At any rate, America gets another shot in four years' time. By some measures, America will by then have a majority non-white population. But as Richard Alba pointed out this year in The American Prospect, those measures are problematic, in that they work in a way that makes the white population look small. Assumptions based on those measures may have contributed to mistaken assumptions about size and nature of the "white vote".
But ... the Republican Congress's disgraceful refusal to even consider President Obama's Supreme Court nomination of Merrick Garland leaves President Trump the opportunty to appoint a new justice who will be there a lot longer than four years. It's already evident that he will bend to the worst, most illiberal urges of his party in this. In this sense, Trump's contempt for practuce and institution has been pioneered in his party.
The really, big, long problem is climate change. Trump will appoint the extreme climate change denier Myron Ebell to lead his EPA transition team. The hard-won Paris agreement surely can't survive. From a campaign characterised by ignorance and the most feckless, constant lying, this is the most damaging of all deceptions.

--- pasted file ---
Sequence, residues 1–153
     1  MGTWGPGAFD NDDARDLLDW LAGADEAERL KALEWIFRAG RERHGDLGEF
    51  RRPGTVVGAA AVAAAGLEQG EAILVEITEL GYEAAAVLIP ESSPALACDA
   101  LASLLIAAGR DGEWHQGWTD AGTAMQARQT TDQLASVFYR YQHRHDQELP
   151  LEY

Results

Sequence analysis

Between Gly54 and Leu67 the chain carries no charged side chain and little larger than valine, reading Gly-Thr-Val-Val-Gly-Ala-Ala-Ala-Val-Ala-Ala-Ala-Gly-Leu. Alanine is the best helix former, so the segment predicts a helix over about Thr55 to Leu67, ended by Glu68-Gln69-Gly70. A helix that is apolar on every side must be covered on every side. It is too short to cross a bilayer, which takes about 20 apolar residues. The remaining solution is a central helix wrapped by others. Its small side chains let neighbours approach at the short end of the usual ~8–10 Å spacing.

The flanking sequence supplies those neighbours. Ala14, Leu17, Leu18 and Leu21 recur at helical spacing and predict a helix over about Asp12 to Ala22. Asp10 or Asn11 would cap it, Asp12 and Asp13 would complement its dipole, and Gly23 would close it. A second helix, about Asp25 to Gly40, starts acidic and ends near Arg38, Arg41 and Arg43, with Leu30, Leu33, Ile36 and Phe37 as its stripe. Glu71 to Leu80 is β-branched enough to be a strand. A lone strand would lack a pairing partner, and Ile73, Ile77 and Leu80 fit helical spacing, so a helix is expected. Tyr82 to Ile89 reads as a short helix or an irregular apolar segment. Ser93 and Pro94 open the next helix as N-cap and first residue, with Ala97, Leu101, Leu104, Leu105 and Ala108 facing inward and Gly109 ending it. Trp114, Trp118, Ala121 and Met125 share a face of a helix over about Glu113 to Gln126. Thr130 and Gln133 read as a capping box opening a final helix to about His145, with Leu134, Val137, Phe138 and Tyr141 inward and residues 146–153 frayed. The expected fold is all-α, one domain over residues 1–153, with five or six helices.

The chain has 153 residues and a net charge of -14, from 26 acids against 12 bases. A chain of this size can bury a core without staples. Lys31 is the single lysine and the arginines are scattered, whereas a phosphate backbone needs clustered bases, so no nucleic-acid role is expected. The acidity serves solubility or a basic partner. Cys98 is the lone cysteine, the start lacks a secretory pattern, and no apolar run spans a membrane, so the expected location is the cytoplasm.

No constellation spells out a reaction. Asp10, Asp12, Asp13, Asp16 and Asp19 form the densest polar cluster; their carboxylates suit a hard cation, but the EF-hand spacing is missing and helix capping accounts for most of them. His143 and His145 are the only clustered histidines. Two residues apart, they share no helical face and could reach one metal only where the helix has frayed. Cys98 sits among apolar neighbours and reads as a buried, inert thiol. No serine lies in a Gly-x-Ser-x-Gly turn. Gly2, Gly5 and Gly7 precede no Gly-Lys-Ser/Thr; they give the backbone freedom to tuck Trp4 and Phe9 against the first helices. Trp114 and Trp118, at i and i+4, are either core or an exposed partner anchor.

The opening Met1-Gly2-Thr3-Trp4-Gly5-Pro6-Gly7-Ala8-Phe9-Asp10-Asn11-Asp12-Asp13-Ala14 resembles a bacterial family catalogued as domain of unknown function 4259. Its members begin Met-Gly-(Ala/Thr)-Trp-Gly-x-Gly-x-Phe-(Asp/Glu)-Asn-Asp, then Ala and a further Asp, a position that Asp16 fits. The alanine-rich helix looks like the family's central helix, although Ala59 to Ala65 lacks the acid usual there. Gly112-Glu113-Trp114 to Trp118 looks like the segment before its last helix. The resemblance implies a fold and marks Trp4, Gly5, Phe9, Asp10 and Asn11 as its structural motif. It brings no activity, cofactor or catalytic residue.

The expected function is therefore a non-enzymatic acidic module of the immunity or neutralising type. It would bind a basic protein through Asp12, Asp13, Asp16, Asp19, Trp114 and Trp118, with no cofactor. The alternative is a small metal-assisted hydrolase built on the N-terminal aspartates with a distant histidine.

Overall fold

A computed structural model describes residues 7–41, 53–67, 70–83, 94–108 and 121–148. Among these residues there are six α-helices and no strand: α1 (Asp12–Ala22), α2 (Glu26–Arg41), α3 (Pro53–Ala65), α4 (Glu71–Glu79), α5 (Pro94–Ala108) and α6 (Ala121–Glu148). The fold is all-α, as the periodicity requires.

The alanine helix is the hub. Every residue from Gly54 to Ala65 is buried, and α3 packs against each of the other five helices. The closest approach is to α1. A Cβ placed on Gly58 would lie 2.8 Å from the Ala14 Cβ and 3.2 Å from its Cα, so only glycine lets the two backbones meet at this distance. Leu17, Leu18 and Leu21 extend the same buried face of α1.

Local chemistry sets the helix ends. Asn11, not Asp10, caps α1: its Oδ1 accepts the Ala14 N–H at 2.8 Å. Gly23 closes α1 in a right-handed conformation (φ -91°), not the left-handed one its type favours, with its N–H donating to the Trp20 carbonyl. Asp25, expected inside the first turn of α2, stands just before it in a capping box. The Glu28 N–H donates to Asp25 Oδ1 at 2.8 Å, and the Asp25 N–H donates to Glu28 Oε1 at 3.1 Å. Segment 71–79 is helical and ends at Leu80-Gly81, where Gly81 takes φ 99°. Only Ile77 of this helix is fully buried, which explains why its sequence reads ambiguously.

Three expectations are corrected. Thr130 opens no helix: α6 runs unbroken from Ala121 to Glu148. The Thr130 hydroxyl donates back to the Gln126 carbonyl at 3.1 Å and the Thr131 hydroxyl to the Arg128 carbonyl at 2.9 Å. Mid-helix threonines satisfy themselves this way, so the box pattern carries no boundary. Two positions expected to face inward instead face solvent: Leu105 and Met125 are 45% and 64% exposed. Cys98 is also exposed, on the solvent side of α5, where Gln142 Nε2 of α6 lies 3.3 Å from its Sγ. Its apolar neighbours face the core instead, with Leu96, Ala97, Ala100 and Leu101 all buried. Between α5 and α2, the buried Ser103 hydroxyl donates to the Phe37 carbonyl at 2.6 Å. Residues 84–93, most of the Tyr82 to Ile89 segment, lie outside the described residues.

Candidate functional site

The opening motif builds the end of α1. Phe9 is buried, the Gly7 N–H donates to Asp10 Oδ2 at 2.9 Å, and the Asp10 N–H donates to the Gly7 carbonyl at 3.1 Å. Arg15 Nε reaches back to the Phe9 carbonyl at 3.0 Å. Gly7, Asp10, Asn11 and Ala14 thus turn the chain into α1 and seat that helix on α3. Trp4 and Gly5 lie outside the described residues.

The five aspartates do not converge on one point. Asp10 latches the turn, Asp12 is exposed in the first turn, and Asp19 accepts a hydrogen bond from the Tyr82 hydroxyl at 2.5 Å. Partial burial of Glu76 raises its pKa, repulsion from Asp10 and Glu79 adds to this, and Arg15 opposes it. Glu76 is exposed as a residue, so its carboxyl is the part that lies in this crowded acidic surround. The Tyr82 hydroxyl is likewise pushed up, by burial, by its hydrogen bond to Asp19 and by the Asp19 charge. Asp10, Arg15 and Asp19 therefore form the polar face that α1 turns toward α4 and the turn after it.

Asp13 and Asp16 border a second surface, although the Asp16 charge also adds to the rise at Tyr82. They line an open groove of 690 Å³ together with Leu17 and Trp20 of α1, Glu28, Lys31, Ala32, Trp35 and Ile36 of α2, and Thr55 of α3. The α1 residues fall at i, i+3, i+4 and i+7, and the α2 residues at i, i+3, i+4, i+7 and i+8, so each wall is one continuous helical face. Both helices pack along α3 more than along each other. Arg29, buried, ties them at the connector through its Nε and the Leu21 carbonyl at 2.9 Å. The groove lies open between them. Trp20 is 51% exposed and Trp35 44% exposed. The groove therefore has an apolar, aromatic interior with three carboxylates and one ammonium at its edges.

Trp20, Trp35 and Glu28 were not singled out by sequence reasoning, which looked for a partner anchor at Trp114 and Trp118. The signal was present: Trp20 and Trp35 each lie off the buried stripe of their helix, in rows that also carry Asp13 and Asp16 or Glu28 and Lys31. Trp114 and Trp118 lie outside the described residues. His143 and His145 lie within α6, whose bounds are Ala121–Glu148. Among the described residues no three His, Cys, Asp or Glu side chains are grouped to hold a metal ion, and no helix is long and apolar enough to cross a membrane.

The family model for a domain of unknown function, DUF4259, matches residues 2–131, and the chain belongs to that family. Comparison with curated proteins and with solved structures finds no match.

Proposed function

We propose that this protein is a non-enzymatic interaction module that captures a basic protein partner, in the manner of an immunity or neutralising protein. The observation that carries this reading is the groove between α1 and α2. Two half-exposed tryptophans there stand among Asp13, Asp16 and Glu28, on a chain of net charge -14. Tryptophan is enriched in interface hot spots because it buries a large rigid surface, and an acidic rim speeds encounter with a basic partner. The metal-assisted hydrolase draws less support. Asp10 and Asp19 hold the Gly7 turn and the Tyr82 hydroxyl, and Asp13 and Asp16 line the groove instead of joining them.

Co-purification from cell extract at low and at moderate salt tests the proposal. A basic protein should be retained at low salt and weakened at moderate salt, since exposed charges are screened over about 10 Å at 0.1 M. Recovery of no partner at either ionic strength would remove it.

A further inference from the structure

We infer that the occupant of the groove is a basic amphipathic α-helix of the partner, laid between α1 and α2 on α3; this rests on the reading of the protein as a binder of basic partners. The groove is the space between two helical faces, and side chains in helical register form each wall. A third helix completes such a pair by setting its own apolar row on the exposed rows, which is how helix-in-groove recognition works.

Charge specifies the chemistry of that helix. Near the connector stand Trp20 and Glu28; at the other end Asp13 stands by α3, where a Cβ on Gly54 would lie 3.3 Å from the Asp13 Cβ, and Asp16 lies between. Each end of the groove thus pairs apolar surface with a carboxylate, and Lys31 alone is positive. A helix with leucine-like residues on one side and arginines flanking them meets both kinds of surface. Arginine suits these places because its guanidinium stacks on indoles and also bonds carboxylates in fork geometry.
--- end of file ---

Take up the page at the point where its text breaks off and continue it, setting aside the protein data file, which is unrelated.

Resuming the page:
There is already plenty of triumphalism about the repudiation of experts and elites. But the rejection of expertise is a dangerous thing. There are reasons America and the world have established institutions. And as dizzying as an anti-establishment lash might feel, rediscovering those reasons could be very painful indeed.
In short: be careful what you wish for.